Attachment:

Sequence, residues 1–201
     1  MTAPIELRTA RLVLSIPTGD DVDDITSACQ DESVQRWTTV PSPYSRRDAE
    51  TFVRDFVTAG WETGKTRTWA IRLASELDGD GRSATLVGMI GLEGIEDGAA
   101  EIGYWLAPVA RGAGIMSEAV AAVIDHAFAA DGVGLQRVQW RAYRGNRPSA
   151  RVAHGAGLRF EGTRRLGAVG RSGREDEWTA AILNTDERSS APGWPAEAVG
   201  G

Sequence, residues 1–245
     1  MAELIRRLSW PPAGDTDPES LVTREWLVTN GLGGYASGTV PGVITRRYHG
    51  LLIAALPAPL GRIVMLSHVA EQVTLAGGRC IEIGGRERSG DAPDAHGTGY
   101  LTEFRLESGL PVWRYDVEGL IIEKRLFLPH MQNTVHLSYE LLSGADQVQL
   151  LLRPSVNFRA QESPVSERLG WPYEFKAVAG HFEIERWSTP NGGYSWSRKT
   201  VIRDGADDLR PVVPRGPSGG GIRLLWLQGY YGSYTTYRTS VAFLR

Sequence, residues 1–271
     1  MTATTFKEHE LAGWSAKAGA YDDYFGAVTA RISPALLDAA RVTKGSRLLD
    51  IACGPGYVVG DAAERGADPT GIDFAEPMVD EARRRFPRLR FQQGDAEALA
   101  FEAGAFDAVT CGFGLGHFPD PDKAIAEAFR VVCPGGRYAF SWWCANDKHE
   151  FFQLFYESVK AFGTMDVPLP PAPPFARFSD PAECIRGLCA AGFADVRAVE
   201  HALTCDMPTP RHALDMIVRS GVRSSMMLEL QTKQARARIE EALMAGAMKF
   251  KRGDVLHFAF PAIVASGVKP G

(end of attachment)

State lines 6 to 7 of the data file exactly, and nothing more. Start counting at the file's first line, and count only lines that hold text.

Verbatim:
   201  G

Sequence, residues 1–245